Conspiracy theorists might have enjoyed Kentucky's news conference after the win over Vanderbilt on Saturday.
There were all sorts of theories flying for why UK quarterback Patrick Towles showed signs of struggle in the victory, fumbling the ball twice and having one picked off for the Commodores' only points of the day in the 17-7 Cats win.
There was the wet hands theory: "We just got to do a better job of keeping his hands dry," Coach Mark Stoops said. "I could tell he was shaking his hands coming off the field. They were very wet."
There was the grip too tight theory: "Sometimes when I try to put the ball through windows, I grip the ball too tight and it just slips out of my hands," Towles himself said, noting that it had happened to him previously, but not in four or five months.
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There was wide receiver Javess Blue's theory that Towles wasn't himself after he had a pass picked off by Vandy's Darrius Sims and returned for a 13-yard score.
But Towles and his offensive coordinator debunked that theory after the win.
"It was just a bad read," the sophomore quarterback explained. "I should have checked down to my back. I let it rip and they picked it off."
More than that it was a nice defensive adjustment, Neal Brown assessed.
Towles "should've gone to his running back, but that's going to happen," Brown said. "When you throw the ball as much as we want to you're going to have interceptions."
Conspiracy implies there must be some sort of plot or scheme, though, when really the Kentucky coaches said it was mostly the youth of the UK offense and a more deliberate pace that contributed to the subpar second half.
"Bottom line is he didn't play as well as he has, and a lot of that is we didn't play as well around him," Brown said. "I didn't think we protected good enough. We didn't win versus man coverage good enough. He didn't throw it good enough. I didn't call good enough plays. Everybody on our offensive side takes equal blame."
Every quarterback has an off day and Towles is no exception, Stoops said.
But the sophomore, who has only started four games in college, wasn't the only one to blame.
"It's protection, it's route running, it's play calling, it's a lot of things," Stoops said. "We can never put all that on the quarterback."
There was plenty to like in Towles' play early, including a textbook 13-play, 99-yard opening drive where the quarterback connected with seven different receivers and even ran the ball 21 yards to keep the drive alive.
There will be plenty for Towles to learn from game video this week as the Cats (3-1, 1-1 Southeastern Conference) prepare for South Carolina (3-2, 1-2 SEC) to come to Commonwealth Stadium on Saturday night.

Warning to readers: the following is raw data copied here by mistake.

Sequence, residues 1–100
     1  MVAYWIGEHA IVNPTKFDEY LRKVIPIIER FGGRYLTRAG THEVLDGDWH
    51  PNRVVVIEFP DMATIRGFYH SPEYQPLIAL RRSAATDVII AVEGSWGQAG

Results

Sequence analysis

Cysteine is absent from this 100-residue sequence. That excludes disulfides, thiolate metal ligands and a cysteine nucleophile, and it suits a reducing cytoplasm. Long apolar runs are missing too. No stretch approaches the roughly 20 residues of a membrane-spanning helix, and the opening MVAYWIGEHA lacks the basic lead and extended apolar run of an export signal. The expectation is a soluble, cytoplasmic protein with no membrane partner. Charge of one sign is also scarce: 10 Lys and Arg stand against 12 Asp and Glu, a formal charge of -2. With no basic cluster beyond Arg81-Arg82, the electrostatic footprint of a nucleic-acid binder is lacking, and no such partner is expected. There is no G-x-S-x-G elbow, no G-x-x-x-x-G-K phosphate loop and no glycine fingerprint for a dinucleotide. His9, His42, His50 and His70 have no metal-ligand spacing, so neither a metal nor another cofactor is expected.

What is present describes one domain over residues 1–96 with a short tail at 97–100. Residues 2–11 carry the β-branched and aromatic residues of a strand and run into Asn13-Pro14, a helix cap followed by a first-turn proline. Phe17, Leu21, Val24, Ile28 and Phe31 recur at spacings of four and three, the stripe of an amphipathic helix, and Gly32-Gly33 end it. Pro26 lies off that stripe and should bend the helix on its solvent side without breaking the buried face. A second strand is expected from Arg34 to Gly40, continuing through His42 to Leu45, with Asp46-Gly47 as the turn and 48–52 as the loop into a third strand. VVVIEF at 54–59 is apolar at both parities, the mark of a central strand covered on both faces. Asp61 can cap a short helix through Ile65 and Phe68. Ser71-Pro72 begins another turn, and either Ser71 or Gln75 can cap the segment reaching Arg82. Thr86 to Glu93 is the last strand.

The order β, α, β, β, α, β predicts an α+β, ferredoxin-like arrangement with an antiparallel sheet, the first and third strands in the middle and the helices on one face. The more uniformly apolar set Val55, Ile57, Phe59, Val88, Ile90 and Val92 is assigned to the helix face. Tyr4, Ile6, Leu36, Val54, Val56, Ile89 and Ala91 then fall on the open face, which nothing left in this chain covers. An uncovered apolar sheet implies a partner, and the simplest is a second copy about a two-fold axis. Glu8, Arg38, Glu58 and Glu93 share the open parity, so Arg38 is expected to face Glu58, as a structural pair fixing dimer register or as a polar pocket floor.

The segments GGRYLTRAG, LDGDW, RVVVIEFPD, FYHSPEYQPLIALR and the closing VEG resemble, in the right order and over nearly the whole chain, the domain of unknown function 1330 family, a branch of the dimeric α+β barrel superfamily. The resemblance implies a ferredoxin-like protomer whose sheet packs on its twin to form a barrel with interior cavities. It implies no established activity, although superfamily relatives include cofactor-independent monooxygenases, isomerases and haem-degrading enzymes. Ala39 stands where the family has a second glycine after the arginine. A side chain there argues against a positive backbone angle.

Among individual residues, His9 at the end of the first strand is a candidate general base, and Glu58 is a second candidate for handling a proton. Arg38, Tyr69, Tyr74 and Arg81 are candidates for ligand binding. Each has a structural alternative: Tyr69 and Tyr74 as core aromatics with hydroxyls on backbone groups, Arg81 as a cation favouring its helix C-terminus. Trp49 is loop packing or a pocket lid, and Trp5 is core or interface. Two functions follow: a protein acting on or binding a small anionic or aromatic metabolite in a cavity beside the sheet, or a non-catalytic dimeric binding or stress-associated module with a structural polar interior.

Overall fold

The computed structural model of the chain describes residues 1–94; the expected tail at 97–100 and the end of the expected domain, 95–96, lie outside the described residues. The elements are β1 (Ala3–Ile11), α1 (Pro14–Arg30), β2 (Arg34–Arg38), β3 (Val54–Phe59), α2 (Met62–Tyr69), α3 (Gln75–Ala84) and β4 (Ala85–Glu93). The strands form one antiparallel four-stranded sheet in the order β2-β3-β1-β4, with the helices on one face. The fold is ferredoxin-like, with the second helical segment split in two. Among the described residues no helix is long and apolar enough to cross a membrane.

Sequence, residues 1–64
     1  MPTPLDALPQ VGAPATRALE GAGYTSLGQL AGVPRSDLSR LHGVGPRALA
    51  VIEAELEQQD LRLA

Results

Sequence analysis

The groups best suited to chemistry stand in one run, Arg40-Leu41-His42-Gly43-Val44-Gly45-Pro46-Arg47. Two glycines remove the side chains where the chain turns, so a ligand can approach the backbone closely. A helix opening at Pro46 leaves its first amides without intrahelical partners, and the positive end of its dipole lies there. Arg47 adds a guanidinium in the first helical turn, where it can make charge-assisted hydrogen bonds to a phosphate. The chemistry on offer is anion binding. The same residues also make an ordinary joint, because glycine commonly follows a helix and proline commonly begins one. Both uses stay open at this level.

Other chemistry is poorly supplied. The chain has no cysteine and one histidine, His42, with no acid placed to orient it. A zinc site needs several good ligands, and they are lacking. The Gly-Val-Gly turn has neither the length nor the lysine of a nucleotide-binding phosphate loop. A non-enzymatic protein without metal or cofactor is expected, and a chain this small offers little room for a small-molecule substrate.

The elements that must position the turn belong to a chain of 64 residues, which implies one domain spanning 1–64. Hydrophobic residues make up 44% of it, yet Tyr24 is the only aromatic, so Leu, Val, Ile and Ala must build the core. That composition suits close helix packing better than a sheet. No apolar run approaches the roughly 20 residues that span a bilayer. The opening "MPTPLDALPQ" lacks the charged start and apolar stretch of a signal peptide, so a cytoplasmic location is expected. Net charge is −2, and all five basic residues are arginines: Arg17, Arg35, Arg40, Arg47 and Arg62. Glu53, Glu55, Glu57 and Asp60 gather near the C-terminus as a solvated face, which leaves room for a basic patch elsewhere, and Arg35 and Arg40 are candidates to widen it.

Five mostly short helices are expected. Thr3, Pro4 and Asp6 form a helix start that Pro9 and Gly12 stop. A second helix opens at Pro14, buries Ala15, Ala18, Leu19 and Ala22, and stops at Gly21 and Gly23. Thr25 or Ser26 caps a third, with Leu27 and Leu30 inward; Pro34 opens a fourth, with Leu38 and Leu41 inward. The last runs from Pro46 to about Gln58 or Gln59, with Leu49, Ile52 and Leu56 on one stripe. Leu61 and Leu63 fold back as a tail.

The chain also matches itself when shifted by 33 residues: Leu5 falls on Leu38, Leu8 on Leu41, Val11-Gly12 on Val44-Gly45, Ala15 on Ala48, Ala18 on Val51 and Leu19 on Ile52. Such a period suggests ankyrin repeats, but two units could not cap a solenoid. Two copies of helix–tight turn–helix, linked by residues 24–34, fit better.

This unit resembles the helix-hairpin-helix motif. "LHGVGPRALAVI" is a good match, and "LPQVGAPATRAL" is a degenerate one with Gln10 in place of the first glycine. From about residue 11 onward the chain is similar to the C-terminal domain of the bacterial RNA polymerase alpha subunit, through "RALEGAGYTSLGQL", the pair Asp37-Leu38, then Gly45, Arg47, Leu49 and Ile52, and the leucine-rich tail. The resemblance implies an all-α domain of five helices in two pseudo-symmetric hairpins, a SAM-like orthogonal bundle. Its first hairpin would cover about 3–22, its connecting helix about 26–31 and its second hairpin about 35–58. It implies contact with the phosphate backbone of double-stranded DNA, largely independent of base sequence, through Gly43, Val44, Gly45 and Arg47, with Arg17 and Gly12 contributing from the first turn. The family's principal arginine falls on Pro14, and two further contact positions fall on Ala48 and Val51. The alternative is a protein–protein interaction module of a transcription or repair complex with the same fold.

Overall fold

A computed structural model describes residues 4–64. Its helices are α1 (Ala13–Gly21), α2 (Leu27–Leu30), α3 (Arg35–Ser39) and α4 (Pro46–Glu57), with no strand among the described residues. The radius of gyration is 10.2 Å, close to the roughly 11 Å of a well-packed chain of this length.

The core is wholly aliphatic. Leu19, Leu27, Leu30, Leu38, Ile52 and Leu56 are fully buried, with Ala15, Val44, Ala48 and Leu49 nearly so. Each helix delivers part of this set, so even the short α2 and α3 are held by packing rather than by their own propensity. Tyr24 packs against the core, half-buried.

Off the top of his head, Stoops pointed to Towles getting rid of the ball quicker like he has in previous games. In Kentucky's first three games, Towles was sacked six times, but he was brought down four times in the Vandy game.
"He was sitting back there a little too long, looking a little too indecisive today, and he was off a little bit for him, he didn't play as well as he did in the first three games," Stoops noted. "That's where other aspects of your team has to step up and help out.
"Patrick will play good next week, and he will get those things fixed. ... Patrick will bounce back."
His position coach agreed.
"Bottom line is the kid's come out and played really well for three games," Brown said of Towles, who came into the Vanderbilt game 11th in the nation and third in the league in total offense, averaging 342.3 yards a game.
"He struggled today. He played well early; he got us a lead and then he struggled. I think the first three games are more of a picture of who he is then the way he played in the second half today."
Even on a day he struggled, Towles completed 77 percent of his passes and threw for 201 yards. In seven of Kentucky's games last season, the Cats' air attack didn't manage to crack the 200-yard mark.
He could have plenty of opportunities against a South Carolina pass defense that is 106th in the nation and has given up eight passing touchdowns and allows an average of 275.6 yards a game.
The Gamecocks' pass defense has allowed 58 passes of 10 or more yards and 19 pass plays of 20 yards or more, both worst in the league.
For his part, Towles said he'll go back to work this week. "I'll get better; we'll all keep improving."